Teacher stereotyping, pupil identities and the halo effect
Teacher stereotyping, pupil identities and the Halo effect Teacher's impact on students and their success cannot go unnoticed. They can have impact, both positive and negative on pupil's self-concepts, identity and success. One of the many ways teachers do this is labelling. Labelling is a process of classification and is related to many different areas, some of them mentioned above. The process of the Halo effect is where teachers label students (stereotype based on expectations. This view is mostly simplified and generalised. An example of this would be whereby a student who is labelled as smart and bright and the result of this process means they would get more support and have a better chance of succeeding.
Research: Waterhouse (2004), used case studies assessing four primary and secondary schools. He suggests that teacher labelling of pupils as either normal/ average or deviant types, as a result of impressions formed over time, has implications for the way teachers interact with pupils.
When these labels are applied they become 'pivotal identities' for students, which means they act as a tool for interpreting events and student behaviour.
For example, a student who has the pivotal identity of ‘normal’ is likely to have an episode of deviant behaviour interpreted as unusual, or as a ‘temporary phase’ – something which will shortly end, thus requiring no significant action to be taken; whereas as a student who has the pivotal identity of ‘deviant’ will have periods of ‘good behaviour’ treated as unusual, something which is not expected to last, and thus not worthy of recognition. This runs the risk of becoming a self-fulfilling prophecy, whereby student's believe the labels and as such act accordingly.
Becker (1971), discovered that teachers evaluate students according to how closely they fit the idea of an 'ideal student'. Hempel-Jorgensen (2009), added qualities to the 'idea student' such as hard work, concentrating and listening etc. Read the full paper here to use in your 20 or 16 markers. The concept of labelling and its importance is supported by Becker (1971), Rist (1970), Cicourel and Kitsuse (1971), Keddie (1971), Hargreaves (1976), Hestor and Mellor (1975) adding credence to the notion that teachers directly affect student progress and identity. Becker (1971) and Rist (1970), concluded through their research that social class was that most important factor that influenced teachers in labelling. This is based on the idea that the way children not just act, but dress, speak etc all shape identity and how ever far from the normality line that identity is, results in the label.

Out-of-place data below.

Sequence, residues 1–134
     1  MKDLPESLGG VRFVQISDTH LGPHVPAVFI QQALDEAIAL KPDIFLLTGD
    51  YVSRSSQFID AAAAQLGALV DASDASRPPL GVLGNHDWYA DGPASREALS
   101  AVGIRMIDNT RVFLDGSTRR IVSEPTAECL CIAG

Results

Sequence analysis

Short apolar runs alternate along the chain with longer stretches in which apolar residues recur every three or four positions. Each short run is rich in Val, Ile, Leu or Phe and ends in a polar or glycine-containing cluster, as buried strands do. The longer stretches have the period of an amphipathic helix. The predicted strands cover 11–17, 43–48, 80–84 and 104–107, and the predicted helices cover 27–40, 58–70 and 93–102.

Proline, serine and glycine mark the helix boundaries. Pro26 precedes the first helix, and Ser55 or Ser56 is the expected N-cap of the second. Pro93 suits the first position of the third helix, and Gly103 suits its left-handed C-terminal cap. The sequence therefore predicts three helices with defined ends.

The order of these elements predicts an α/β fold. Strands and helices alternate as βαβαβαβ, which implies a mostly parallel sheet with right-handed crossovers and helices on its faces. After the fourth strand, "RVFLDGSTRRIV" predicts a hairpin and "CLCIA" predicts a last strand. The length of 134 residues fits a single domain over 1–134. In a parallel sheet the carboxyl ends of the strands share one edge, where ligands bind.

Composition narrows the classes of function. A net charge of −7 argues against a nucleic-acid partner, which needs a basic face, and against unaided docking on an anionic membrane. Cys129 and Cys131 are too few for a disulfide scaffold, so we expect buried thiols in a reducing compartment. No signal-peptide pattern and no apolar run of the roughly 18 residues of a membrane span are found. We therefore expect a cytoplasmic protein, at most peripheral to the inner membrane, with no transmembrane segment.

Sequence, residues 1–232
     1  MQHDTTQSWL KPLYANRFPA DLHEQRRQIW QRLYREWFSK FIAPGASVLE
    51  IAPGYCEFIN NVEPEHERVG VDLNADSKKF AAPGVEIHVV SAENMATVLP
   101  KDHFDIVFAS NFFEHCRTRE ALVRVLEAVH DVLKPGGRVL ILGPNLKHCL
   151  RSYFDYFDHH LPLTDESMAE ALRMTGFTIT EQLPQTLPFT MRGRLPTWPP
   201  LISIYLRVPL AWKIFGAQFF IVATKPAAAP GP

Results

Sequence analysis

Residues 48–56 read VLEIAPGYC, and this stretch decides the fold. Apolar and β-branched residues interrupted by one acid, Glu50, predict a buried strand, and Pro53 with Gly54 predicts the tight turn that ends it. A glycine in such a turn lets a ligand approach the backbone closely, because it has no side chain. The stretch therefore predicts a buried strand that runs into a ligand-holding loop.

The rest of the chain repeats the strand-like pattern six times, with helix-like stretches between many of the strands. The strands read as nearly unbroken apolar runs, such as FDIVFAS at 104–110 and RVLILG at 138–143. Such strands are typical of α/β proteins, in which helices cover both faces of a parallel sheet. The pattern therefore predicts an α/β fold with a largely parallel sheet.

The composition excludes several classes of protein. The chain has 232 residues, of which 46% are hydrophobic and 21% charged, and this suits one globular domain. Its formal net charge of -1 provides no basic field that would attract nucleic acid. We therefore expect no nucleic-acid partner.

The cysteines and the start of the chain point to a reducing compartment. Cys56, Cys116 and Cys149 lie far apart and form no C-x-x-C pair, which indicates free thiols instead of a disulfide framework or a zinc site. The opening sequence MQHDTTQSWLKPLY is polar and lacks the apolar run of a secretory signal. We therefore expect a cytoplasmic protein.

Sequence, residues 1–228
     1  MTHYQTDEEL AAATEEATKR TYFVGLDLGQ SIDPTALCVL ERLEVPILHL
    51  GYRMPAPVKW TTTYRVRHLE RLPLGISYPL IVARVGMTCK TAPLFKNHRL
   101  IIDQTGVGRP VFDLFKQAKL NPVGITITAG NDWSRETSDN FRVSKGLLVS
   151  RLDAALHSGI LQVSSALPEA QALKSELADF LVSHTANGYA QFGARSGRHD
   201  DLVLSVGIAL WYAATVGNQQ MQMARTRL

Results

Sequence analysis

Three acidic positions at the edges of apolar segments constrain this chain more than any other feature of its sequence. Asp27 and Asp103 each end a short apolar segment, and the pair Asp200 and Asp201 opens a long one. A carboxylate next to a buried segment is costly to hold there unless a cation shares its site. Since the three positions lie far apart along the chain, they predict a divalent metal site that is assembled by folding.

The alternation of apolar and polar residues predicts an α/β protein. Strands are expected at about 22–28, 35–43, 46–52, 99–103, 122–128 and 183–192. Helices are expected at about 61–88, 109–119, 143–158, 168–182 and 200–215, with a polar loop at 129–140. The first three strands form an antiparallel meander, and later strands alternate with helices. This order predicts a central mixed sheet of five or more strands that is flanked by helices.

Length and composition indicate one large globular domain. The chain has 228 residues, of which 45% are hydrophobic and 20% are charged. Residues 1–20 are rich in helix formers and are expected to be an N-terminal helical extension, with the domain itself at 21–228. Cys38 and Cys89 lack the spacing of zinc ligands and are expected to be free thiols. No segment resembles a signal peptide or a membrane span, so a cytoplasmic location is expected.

Harvey and Slatin (1975) discovered that teachers labelled students who were white and middle-class were more likely to succeed. Non white, middle class students were labelled as being more likely to fail.
Gillborne (2011) developed Harvey and Slatin's research adding that teachers offered less opportunities to these "lesser" individuals. Rosenthal and Jacobson’s (1968) They researched the self fulfilling prophecy in an elementary school in California using a random sample of 20% from the student population.
A classic study which supports the self fulfilling prophecy theory was Rosenthal and Jacobson’s study of an elementary school in California. They selected a random sample of 20% of the student population and informed teachers that these students could be expected to achieve rapid intellectual development. They misinformed teachers stating that certain students who sat an IQ test were smarter than the rest of the class. These students were in fact randomly selected and were not. When Rosenthal and Jacobson returned after some time, the group which was identified as the 'Sputer' group (the smarter ones) made 20% more progress than the others, as they were labelled as having more potential. Hartley and Sutton (2011), suggests that gender, parents, media and a whole other range of external factors also influence students and have the possibility of leading to the self-fulfilling prophecy. Criticisms of the labelling theory of education
Negative labelling does not always result in bad consequences. Fuller (1984) proved that it can lead to positive consequences as students changed their work ethic and worked harder. This suggests that research above is not 100% correct.
Labelling theory emphasises the impact of teachers whereas other labelling sources have equal importance e.g. school, parents, Ofsted etc.
The labelling theory generalises too much as it includes all teachers, whereas this is not the case and nor is there any evidence to support otherwise.